Although we often think the main function of the IRS is to waterboard taxpayers, in this case it isn't entirely their fault.

The IRS suffered a 21 percent staffing cut, amounting to almost 23,000 full- and part-time employees, from 2011 to 2016. Yet, as the number of staffers fell, the workload grew.

An IRS statement said its budget is “more than $900 million below 2010 levels despite handling more than 10 million additional tax returns a year...since then.”

Some of you may be thinking. “With that kind of work overload, why not try a little creative accounting on my taxes?  They may have nailed Al Capone but chances are they wouldn’t even notice me.”

Alas, a lot of people, including the rich and famous, have trod that path.  And the journey hasn’t been pleasant.

Actor Wesley Snipes used various means to hide a lofty income. He was found guilty on three counts of failing to file a federal income tax return, owing the government $17 million in back taxes plus penalties and interest. His attempt to pay off a portion of what he owed during his trial failed and in 2008, Snipes was sentenced to three years in prison.

Actor Nicolas Gage contributed to the national debt to the tune of approximately $6 million, according to an IRS allegation. Accusing his ex-manager and accountant of making poor investment choices in risky real estate and failing to pay his taxes, Cage set out to make good with the IRS and it cost him $6.257 million in fines.

Celebrity photog Annie Leibovitz famously captured John Lennon and Yoko Ono for the cover of Rolling Stone which turned out to be her ticket to fame and fortune.  But after years of extravagance and poor financial management, it seems paying taxes wasn’t on her to-do list.  In 2009 Leibovitz owed $2.1 million in unpaid taxes for 2004-2007 and was forced to pledge the copyright to every photograph she has ever taken, or ever will, to get the loan she needed to pay her debts.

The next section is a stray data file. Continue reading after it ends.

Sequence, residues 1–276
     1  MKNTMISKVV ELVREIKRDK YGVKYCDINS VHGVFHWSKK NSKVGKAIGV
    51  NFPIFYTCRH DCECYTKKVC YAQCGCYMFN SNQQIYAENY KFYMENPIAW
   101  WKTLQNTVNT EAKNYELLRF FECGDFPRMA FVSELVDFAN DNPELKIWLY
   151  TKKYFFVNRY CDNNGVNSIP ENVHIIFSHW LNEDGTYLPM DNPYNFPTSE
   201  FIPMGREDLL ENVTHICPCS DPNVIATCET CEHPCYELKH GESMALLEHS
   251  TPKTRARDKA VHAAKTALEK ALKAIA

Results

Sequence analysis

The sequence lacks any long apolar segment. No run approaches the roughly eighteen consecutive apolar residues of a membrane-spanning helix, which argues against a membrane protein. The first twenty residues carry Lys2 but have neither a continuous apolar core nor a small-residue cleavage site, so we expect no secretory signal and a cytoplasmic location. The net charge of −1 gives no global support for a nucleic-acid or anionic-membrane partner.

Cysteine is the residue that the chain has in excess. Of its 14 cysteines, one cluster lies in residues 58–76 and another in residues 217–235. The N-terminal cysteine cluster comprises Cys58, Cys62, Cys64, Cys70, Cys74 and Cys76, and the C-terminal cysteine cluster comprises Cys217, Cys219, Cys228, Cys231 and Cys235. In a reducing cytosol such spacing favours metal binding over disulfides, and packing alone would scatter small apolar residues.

And then there is Walter Anderson.  You may not have heard of him but he was no stranger to the IRS.

It turns out Mr. Anderson, a telephone entrepreneur, was accused of hiding his wealth in off-shore companies in Panama and the British Virgin Islands in an attempt to avoid taxation on his income. Anderson pleaded guilty to two felony counts of evading federal income tax for filing tax returns in which he failed to report over $126,303,951 of income for year 1998 and over $238,561,316 of income for year 1999.

 As part of the plea agreement, Anderson admitted to hiding $365 million of income by using aliases, shell companies, offshore tax havens, and secret accounts. For the year 1998, the year for which Anderson admitted to having earned more than $126 million, he had claimed an income of $67,939 on his federal income tax return, for which he had paid only $495 in taxes.

His failed sleight of hand cost him a 10-year prison term and he was ordered pay $141,497,773 in tax deficiencies and $105,984,341 in penalties for a total of $247,482,114 owed to the IRS.  Will that be check or cash?